# Reverse-tracing Einstein's field equation

• TheMan112
In summary, the equation for trace of a metric is 4 and for Ricci tensor it's R. The absolute value of |g| is 1 only in special relativity, in general relativity it's -1.
TheMan112
How do I rewrite Einsteins famous field equation

$$R_{ab} - \frac{1}{2} g_{ab} R = \frac{8 \pi G}{c^4} T_{ab}$$

into:

$$R_{ab} = \frac{8 \pi G}{c^4} (T_{ab} - \frac{1}{2} g_{ab} T)$$

I've tried experimenting with reverse-tracing the Ricci-scalar, but I just don't get the right equation. The trace from these equations would yield $$R=-T$$. Is this really correct?

Multiply both sides by $$g^{ab}$$ to get

$$\frac{1}{2}R = \kappa T$$

then substitute back.

Mentz114 said:
Multiply both sides by $$g^{ab}$$ to get

$$\frac{1}{2}R = \kappa T$$

then substitute back.

Ok, I insert the expression and get:

$$R_{ab} - \frac{8 \pi G}{c^4} g_{ab} T = \frac{8 \pi G}{c^4} T_{ab}$$

$$R_{ab} = \frac{8 \pi G}{c^4} \left(T_{ab} + g_{ab} T \right)$$

Which as you can see is not entirely right. Have I missed something very obvious?

Take trace of both sides of Einstein eq. Trace of the metric is 4. Trace of Ricci tensor is R. You get

R = - k T

then substitute that back for R and take the metric term on the other side.

I made a mistake, $$g^{ab}g_{ab} = -1$$.

TheMan112 said:
...
$$R_{ab} - \frac{1}{2} g_{ab} R = \frac{8 \pi G}{c^4} T_{ab}$$

Mentz114 said:
I made a mistake, $$g^{ab}g_{ab} = -1$$.

Okay, that fixes it.

$$g^{ab}g_{ab} = \delta^a_a = 4$$

smallphi said:
$$g^{ab}g_{ab} = \delta^a_a = 4$$

Yes, you're correct. It's |g| = -1.

Last edited:
Mentz114 said:
Yes, you're correct. It's |g| = -1.

How can |g| = abs(g) = -1 ? An absolute value can't be negative. For example a radius cannot be negative.

|g| = 1 only in Special Relativity. In GR, the value of |g| changes with the coordinate system used but it's signature (the signs of the eigenvalues when you diagonalize it) doesn't change, depending on the sign convention it's either (-, +, +, +) or (+, -, -, -).

Got it right now, thanks everybody.

## 1. What is "Reverse-tracing Einstein's field equation?"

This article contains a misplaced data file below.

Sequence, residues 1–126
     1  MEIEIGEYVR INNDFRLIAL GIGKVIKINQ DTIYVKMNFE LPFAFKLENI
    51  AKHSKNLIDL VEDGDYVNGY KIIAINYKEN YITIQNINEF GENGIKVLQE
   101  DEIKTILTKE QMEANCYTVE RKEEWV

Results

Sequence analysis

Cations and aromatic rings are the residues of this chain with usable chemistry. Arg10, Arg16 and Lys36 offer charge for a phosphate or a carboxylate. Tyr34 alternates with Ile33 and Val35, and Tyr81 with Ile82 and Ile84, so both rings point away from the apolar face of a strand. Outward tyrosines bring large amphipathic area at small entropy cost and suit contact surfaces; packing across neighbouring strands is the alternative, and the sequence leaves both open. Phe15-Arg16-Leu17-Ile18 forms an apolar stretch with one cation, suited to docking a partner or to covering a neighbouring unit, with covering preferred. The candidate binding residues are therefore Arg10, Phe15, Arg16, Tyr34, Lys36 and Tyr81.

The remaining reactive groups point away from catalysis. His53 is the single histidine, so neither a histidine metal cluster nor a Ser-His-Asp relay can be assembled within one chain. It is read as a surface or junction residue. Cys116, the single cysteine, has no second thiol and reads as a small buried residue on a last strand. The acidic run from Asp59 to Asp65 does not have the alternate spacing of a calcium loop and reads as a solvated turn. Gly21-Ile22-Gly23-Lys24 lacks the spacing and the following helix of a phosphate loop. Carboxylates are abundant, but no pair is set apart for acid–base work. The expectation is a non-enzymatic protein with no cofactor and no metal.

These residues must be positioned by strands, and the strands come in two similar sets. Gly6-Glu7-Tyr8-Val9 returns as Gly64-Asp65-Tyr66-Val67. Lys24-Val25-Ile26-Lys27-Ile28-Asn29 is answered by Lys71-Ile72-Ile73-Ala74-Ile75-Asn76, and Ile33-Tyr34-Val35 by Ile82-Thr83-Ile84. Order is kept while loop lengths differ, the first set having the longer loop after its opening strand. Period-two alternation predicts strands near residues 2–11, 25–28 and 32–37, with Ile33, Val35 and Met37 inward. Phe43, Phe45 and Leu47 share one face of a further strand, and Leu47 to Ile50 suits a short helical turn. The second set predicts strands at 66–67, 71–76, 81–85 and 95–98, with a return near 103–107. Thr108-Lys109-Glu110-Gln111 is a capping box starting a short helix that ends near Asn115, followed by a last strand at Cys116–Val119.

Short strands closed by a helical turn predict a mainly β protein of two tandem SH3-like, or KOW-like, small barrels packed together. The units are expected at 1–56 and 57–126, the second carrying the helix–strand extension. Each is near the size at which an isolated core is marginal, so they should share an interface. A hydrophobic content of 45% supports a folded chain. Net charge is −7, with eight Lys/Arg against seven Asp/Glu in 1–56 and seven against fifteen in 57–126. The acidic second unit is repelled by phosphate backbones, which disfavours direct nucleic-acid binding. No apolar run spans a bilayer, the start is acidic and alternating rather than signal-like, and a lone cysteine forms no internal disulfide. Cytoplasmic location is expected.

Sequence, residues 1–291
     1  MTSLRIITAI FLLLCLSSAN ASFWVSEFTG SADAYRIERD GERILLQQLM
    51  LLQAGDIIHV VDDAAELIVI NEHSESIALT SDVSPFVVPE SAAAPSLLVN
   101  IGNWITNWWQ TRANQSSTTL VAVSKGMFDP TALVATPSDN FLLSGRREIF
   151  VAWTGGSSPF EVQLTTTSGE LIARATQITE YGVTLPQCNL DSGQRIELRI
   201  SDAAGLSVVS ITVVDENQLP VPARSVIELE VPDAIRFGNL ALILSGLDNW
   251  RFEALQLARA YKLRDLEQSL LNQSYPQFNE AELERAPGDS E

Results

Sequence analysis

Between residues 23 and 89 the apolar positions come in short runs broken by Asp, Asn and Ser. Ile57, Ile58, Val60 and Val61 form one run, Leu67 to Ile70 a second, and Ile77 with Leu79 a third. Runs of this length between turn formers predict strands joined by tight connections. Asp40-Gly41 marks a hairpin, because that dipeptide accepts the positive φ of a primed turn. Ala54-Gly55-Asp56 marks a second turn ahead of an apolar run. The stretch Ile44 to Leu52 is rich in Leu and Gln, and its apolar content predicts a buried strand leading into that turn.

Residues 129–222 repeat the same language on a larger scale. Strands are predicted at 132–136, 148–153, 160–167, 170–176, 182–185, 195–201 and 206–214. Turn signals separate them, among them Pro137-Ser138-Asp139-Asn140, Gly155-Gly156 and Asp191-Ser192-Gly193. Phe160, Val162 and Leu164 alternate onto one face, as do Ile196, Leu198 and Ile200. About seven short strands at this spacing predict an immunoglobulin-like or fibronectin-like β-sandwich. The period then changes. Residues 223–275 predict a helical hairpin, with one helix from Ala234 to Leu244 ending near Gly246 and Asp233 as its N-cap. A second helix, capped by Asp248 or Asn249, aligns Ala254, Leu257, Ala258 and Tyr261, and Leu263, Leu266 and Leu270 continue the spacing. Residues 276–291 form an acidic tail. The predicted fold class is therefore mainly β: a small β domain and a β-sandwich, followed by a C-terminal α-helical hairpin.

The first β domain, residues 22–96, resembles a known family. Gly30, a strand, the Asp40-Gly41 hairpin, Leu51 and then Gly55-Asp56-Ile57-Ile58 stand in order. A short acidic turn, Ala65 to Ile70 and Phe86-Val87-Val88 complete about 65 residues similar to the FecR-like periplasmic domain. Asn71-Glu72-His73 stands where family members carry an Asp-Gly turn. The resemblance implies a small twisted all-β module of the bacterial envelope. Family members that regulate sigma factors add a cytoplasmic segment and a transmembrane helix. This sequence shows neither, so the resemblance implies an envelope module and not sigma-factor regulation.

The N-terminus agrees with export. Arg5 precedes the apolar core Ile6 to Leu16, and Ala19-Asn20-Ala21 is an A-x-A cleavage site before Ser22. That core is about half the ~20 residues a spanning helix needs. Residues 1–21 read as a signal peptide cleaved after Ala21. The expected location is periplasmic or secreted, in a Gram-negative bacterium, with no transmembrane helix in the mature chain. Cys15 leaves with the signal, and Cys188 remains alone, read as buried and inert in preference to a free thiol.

"Reverse-tracing Einstein's field equation" refers to the process of using Einstein's field equations, which describe the relationship between the curvature of space-time and the distribution of matter and energy, to determine the distribution of matter and energy based on the observed curvature of space-time.

## 2. Why is "Reverse-tracing Einstein's field equation" important?

"Reverse-tracing Einstein's field equation" is important because it allows scientists to make predictions about the distribution of matter and energy in the universe based on the observed curvature of space-time. This can provide valuable insights into the structure and evolution of the universe.

## 3. How is "Reverse-tracing Einstein's field equation" used in scientific research?

"Reverse-tracing Einstein's field equation" is used in scientific research by inputting data on the observed curvature of space-time into the equations and solving for the distribution of matter and energy. This can help scientists understand the formation of galaxies, the expansion of the universe, and other important cosmological phenomena.

## 4. What challenges are involved in "Reverse-tracing Einstein's field equation?"

There are several challenges involved in "Reverse-tracing Einstein's field equation." One major challenge is obtaining accurate and precise measurements of the curvature of space-time, as this can be difficult to do with current technology. Additionally, the equations themselves are highly complex and require advanced mathematical and computational techniques to solve.

## 5. How does "Reverse-tracing Einstein's field equation" relate to the theory of general relativity?

"Reverse-tracing Einstein's field equation" is an important aspect of the theory of general relativity, as it allows scientists to apply the principles of general relativity to real-world observations and make meaningful predictions about the universe. It also helps to validate and refine the theory of general relativity by comparing its predictions to observations and data.

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